The Virginia House chamber at the State Capitol in Richmond. Credit: Germanna CC / Flickr / Creative Commons

House Bill 1635 would have boosted the state’s renewable mandate to 30 percent by 2030 and 100 percent by 2050.

An aggressive bill designed to wean Virginia’s electricity sector off of fossil fuels by 2050 failed on a partisan vote in the state House of Delegates late Thursday afternoon. It was defeated 51-48.

Despite the setback, environmental advocates vowed to continue pursuing what they called “a just and equitable pathway to 100 percent clean energy” backed by the state’s Green New Deal coalition.

“Most Virginia voters do not think that solving the climate crisis is a trivial matter or that the topic should be used as a political football,” Harrison Wallace, Virginia director of the Chesapeake Climate Action Network, said after the vote.

He cited a recent poll conducted by Lake Research Partners indicating that 73 percent of the state’s registered voters support an economy built around clean energy.

The fact that such a bill advanced to the full House is evidence that Virginia Democrats, heartened by a recent measure aimed at cleaning up the state’s toxic coal ash ponds, will continue to press Republicans to act on more environmental legislation.

Del. Sam Rasoul, D-Roanoke, reintroduced an amended version of House Bill 1635 this week, optimistic that the changes would attract some Republicans. It had advanced out of the Committee on Commerce and Labor.

If passed, the bill would have shifted the state’s clean energy standard to require 30 percent clean electricity by 2030 and 100 percent by 2050.

Rasoul has introduced multiple green measures during this legislative session. A separate one would require the state to conduct an inventory of its greenhouse gas emissions from all sectors.

Environmental advocates say they have continued to hold out hope, even though they know these types of bills are an uphill climb as long as Republicans cling to narrow majorities in both chambers of the General Assembly.

Before Thursday’s vote, Wallace called Rasoul’s measure “the first real climate policy with teeth that will be heard on the House floor.”

Wallace told the Energy News Network that the proposal was miles ahead of Virginia’s current renewable portfolio standard, a voluntary program aiming for a 15 percent clean power goal by 2025.

He praised the bill for not only aligning with the Green New Deal, but also addressing low-income communities and workers transitioning out of jobs in the fossil fuels industry.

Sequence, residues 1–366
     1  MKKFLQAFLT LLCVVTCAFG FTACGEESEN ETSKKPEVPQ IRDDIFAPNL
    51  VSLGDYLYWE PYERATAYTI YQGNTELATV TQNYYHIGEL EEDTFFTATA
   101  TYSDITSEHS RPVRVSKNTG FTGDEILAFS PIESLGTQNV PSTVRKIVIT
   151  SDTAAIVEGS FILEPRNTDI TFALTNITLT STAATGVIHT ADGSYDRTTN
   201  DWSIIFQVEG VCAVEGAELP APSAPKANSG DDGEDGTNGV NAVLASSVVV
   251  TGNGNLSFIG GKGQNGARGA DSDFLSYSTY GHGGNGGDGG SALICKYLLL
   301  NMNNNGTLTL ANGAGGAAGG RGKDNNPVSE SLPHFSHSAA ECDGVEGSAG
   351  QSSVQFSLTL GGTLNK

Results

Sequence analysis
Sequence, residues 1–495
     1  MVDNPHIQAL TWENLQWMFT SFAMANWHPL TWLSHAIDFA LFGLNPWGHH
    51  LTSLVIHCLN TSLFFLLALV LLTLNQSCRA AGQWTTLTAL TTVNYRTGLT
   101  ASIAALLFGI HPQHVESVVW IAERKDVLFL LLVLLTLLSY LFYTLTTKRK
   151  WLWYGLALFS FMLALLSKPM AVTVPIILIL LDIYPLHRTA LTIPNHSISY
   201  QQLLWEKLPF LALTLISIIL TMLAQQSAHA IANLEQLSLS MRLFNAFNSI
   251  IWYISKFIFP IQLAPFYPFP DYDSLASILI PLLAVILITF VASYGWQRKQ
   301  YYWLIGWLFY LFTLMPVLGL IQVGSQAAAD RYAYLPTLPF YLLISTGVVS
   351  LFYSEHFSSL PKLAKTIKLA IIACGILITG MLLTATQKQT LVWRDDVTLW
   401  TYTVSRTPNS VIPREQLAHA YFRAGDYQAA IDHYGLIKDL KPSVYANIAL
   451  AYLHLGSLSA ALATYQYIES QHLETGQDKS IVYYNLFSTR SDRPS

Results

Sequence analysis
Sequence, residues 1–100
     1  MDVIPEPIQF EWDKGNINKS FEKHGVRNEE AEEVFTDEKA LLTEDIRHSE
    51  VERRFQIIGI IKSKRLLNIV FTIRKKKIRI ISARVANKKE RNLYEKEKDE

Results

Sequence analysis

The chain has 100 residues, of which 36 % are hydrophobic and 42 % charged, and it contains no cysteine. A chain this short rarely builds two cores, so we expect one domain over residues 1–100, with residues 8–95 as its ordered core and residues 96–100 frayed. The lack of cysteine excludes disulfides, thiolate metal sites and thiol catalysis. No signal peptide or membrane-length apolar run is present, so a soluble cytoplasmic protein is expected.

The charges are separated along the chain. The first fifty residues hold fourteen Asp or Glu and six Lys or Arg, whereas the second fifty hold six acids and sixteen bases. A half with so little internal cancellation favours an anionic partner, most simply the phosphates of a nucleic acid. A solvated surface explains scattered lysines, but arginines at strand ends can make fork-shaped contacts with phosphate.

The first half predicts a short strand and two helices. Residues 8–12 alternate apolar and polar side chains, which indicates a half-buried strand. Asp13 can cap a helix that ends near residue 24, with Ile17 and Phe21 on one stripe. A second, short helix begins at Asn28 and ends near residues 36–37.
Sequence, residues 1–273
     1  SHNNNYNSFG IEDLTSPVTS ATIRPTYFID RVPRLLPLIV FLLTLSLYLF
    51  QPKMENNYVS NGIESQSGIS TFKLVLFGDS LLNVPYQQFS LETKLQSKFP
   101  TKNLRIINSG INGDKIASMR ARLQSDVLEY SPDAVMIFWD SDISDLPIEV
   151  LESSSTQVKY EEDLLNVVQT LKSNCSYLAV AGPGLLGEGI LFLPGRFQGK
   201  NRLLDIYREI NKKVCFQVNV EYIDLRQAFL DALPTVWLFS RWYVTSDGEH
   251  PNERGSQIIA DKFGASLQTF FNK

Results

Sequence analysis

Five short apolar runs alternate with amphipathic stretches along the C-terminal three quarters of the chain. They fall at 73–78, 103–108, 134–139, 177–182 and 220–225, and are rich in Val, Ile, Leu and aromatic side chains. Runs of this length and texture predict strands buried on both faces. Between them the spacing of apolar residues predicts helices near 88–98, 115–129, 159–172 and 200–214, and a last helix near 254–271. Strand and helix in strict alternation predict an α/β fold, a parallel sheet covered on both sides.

The expansive bill would have required state authorities to prepare a draft climate plan that addresses agriculture, heating, cooling and transportation by March 2020.

It also includes several environmental justice angles that would be especially pertinent to the state’s Hampton Roads region, where sea level rise continues to be a looming issue.

For instance, the measure would have required that one-fifth of all funding allocated to deal with climate change be targeted for low-income and minority communities. Another fifth of that funding would target sea level rise mitigation and flooding adaptation.

Wallace said he was disappointed that Republicans representing Hampton Roads voted against the bill.

“By opposing a compromise amendment,” he said, “coastal Republicans have officially taken ownership of the damage and destruction associated with sea level rise in their districts.”

The legislation also called on state agencies to coordinate a program that extends job training, relocation assistance, education and temporary financial support to assist workers transitioning from the fossil fuel and nuclear power industries to the clean energy sector.

“In the grand scheme of things, this bill is the absolute baseline of what’s needed to address the climate crisis,” Wallace said. “It allows Virginia to begin catching up to our neighboring states … and the rest of the East Coast.”

Rasoul was first elected to the House in a 2014 special election.

Republicans have a 51-49 edge in the House and 21-19 advantage in the Senate. All seats are up for election this November.

Elizabeth is a longtime energy and environment reporter who has worked for InsideClimate News, Energy Intelligence and Crain Communications. Her groundbreaking dispatches for InsideClimate News from Kalamazoo, Michigan, “The Dilbit Disaster: Inside the Biggest Oil Spill You Never Heard Of” won a Pulitzer Prize for National Reporting in 2013. Her book, "Outpedaling 'The Big C': My Healing Cycle Across America" is available from Bancroft Press. Based in Washington, D.C., Elizabeth covers the state of Virginia.